Get to watch the sunset with other preregrinos behind an old straw and mud albergue before having dinner. (Bercianos)
Have a healer do Reiki on your aching shoulders and back. (Villafranca del Bierzo)
Watch the stars in the darkest part of Spain with one of the kindest, best known characters on the camino. (Manjarin)
Have a special queimada ceremony in one of the smallest albergues on the meseta - maybe. (San Bol)
You all have to sing for your supper which the hospitaleras cook for you - for a donation! (Corcubion) etc etc
Buen camino!
Sil
 

gittiharre

Veteran Member
Year of past OR future Camino
CF Austria Czech Le Puy Geneva RLS V. Jacobi V. Regia V. Baltica/Scandinavica Porto Muxia
Hi, as a first time pilgrim I walked in May/ June 2006 and did not prepare a thing, unfit, pack too heavy, wrong footwear. Well I still made it. I was really slow and still got a bed every night without pre booking anywhere. Just trusted the universe and thought that no one would leave me sleeping by the side of the road and I was right. September should be less crowded. Go well...and be open to the surprises on the way. Love, Gitti
 
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-404

New Member
I walked in April, and the first day of 'training' i took for the camino was the mountain route to Roncesvalles in the snow and rain in rubbish shoes, maybe a little training for that first day, however it is mostly mental
 

cecelia

Wandering for the love and growth of it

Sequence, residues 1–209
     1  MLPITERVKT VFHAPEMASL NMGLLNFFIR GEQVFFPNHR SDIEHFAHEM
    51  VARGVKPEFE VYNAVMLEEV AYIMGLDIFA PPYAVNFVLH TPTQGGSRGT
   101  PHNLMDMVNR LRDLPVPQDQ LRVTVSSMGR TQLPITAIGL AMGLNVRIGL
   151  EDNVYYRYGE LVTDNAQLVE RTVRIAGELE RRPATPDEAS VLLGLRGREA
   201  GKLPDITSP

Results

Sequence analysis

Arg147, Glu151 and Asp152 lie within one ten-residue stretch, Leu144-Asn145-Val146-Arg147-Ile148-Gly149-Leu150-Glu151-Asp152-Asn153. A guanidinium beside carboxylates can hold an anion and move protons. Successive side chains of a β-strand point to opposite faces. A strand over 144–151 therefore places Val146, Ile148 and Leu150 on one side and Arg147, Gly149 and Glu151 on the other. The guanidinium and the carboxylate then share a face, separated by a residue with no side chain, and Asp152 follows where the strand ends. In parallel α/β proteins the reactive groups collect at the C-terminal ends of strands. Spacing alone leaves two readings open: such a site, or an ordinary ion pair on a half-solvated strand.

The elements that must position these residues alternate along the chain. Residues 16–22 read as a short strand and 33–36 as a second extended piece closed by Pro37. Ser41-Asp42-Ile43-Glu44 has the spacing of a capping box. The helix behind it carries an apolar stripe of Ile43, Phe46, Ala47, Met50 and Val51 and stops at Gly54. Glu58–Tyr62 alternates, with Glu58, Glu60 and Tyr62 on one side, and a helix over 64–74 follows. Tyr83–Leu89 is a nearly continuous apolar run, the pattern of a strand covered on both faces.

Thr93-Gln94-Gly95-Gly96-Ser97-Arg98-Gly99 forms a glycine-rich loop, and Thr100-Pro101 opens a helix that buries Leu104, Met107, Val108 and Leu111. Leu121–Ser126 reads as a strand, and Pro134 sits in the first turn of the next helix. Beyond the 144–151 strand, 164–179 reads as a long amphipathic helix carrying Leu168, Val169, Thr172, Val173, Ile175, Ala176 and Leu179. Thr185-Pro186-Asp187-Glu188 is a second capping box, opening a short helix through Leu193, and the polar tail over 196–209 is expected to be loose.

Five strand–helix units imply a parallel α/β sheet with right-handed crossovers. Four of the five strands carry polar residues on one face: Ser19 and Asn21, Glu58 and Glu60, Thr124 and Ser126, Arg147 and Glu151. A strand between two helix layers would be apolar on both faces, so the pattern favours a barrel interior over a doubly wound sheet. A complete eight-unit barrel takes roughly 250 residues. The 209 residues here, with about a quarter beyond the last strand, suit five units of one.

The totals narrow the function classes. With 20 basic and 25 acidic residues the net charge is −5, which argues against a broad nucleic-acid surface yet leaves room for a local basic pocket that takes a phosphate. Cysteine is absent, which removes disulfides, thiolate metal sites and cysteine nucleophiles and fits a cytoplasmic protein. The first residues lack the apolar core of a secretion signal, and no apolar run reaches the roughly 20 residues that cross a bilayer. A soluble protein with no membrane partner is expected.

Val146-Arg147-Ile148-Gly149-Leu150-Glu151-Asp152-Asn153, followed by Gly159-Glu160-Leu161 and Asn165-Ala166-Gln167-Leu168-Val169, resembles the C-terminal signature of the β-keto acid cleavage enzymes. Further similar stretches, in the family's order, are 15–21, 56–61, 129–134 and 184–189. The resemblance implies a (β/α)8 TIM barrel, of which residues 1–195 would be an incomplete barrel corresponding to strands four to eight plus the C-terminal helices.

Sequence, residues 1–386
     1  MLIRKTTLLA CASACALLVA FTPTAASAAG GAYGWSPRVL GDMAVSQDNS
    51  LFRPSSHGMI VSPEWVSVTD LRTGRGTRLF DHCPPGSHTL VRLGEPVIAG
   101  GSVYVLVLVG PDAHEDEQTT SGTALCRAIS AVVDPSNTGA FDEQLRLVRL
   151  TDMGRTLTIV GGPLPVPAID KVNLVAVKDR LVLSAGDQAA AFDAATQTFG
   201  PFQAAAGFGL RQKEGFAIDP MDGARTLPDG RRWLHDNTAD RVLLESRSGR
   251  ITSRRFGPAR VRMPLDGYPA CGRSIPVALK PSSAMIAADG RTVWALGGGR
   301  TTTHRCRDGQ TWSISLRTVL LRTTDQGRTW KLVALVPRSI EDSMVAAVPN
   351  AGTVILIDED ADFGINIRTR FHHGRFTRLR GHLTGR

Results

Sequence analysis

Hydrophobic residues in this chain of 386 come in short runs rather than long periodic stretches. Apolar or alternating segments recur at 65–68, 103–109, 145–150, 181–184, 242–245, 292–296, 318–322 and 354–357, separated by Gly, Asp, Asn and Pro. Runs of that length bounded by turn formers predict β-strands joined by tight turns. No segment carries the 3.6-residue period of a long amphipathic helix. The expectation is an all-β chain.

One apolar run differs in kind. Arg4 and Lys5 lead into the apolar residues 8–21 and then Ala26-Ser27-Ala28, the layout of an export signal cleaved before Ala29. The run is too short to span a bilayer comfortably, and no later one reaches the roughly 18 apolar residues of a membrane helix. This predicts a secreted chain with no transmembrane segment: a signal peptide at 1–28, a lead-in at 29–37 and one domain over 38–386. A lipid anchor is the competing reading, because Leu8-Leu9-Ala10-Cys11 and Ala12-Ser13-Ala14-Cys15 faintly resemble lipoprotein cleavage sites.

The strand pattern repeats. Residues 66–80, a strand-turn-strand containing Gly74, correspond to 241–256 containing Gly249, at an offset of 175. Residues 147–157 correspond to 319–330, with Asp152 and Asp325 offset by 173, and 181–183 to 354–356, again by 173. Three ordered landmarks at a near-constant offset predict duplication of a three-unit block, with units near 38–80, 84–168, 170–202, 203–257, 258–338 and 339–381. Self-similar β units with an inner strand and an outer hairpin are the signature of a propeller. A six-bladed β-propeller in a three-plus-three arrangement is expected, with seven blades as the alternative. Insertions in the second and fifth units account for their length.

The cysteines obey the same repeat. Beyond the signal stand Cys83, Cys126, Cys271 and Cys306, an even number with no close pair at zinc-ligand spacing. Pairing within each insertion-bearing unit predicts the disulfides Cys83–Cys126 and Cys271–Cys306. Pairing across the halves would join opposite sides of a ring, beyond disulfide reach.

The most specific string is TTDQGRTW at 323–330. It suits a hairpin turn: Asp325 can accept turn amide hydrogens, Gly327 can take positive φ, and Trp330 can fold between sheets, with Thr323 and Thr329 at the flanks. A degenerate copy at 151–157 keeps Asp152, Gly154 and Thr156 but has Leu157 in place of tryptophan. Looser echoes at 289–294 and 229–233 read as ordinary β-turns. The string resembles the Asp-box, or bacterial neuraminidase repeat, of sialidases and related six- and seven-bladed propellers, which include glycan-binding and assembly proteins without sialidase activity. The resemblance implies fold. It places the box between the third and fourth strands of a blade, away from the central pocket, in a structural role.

Year of past OR future Camino
2013
Much has been said about preparation but I wanted to add that every little community has at least one little store that carries food and many have several stores. They are, by the way mostly closed between about 2:00 or 3:00 and 5:00ish. There is usually an abundant supply of fresh fruit and vegetables and although bread is usually better bought in the mornings, there is usually bread as well (not sure if it contains milk though).
Note that lentils are often cooked with pork(even the tinned ones) so you will want to watch for that. You can buy dried lentils and beans though and many albergues have stoves where you can cook your own meal. Nuts can be purchased in a lot of places too. It's a little difficult being a vegetarian (especially a vegan) on the camino in Spain but will just take a little planning ahead.
Good camino
Cecelia
 

Nora

New Member
Hi everyone!

Thanks for this lovely topic.. I'm quite unprepared too, as always, and i'm starting next week. it feels good to hear other people feeling the same way i do.
I'll just go and see what fate puts on my way..

Buen camino!

Nora